An automatic word monitor in a new Amazon worker chat app will ban a variety of words and phrases, such as “union,” “fairness,” “pay raise,” “slave labor,” and “master,” among other terms, according to internal documents obtained by the Intercept.
Amazon will block and flag employee posts on an internal messaging app that the company deems problematic, according to internal company documents obtained by the Intercept. The app is still in the planning phase and has not yet been launched.
The word “restrooms” is reportedly on the list of censored words — following reports of Amazon warehouse employees feeling the need to urinate in trash cans and bottles in order to avoid being scolded over bathroom breaks.
“Our teams are always thinking about new ways to help employees engage with each other,” Amazon spokesperson Barbara M. Agrait told the Intercept. “This particular program has not been approved yet and may change significantly or even never launch at all.”
Late last year, Amazon held a meeting where top executives talked about creating an internal social media app that would allow employees to praise their co-workers’ performance by giving them “Shout-Outs,” a source told the Intercept.
The goal of the Shout-Outs was foster happiness and productivity among Amazon employees, according to Head of Worldwide Consumer Business Dave Clark.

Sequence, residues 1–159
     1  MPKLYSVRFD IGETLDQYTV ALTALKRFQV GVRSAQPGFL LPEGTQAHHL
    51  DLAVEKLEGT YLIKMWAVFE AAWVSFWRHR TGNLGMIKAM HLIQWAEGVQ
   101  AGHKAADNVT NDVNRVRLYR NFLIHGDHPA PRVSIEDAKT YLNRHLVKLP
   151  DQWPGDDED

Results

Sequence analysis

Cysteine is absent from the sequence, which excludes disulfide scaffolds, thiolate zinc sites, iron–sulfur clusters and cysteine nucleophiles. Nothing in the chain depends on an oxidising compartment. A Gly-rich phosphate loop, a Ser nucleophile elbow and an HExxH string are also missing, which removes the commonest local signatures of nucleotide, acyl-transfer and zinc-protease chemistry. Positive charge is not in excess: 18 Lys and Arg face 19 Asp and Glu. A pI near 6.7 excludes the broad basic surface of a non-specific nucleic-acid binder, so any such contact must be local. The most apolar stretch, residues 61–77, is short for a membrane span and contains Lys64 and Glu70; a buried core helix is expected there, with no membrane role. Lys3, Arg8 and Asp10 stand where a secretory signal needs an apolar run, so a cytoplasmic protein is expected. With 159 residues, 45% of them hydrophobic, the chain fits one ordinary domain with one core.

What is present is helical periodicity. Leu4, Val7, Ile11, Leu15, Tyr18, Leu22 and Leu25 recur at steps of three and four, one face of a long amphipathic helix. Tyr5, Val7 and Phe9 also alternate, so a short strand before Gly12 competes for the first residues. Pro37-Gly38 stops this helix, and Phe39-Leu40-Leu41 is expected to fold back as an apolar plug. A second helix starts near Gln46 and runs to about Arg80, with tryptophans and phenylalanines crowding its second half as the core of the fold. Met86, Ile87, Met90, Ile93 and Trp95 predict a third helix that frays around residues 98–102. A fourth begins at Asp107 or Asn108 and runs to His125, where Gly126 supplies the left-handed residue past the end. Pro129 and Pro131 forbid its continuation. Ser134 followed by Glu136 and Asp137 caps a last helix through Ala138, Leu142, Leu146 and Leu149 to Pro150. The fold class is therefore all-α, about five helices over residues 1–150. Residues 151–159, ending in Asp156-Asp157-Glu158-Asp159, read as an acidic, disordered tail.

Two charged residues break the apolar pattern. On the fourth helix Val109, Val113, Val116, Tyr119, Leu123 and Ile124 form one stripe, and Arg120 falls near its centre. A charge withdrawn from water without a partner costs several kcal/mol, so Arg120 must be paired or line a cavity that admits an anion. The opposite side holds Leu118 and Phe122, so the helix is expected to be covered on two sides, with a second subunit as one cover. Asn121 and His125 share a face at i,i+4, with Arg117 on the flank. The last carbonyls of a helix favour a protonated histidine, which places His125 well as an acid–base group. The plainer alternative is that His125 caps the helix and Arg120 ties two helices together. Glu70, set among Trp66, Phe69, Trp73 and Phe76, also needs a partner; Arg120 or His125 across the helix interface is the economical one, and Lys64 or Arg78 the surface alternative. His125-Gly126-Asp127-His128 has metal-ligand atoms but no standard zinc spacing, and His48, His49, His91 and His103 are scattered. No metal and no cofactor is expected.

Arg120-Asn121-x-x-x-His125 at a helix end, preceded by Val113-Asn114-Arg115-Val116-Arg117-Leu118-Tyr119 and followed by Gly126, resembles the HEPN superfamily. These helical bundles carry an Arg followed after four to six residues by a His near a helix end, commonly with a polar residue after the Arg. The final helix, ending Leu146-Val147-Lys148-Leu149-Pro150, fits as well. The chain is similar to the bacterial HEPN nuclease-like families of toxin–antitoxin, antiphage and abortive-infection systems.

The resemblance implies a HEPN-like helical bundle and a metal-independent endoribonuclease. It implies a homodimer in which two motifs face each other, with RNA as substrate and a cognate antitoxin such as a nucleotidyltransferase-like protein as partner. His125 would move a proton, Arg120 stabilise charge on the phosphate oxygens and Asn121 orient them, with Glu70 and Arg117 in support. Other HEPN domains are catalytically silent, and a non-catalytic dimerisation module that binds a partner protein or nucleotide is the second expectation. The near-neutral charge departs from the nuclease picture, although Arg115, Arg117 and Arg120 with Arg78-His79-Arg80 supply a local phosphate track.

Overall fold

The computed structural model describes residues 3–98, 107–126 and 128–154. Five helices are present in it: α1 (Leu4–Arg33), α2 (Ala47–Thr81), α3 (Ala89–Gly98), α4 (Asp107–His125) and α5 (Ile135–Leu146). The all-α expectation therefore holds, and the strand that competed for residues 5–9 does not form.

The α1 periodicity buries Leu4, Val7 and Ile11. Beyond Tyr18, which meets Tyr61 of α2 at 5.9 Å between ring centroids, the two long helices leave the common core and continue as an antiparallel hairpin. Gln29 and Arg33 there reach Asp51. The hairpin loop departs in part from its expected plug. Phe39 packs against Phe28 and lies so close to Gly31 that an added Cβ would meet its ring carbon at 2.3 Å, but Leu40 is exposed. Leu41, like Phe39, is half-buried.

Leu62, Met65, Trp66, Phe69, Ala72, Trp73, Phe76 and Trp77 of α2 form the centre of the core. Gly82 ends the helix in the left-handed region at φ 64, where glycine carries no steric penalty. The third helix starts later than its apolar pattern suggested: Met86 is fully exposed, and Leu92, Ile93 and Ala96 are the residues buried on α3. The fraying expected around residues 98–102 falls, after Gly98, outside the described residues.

But Amazon officials also discussed what they called “the dark side of social media,” and therefore decided to actively monitor posts in order to ensure a “positive community.”
So an “auto bad word monitor” was put together, which included a blacklist that would automatically block employees from sending a message that contains profane or inappropriate words.
But profanities were not the only words added to the blacklist, reports the Intercept.
Some of the other words and terms to be added to the blacklist included the following, according to documents reviewed by the outlet:
I don’t care
This is concerning
This is dumb
Amazon, however, denies that “many” of the words mentioned would be blocked on the internal messaging app.
“If it does launch at some point down the road, there are no plans for many of the words you’re calling out to be screened,” the Amazon spokesperson insisted. “The only kinds of words that may be screened are ones that are offensive or harassing, which is intended to protect our team.”
Last week, Amazon workers at a warehouse in Staten Island, New York, voted to unionize — a first for the company.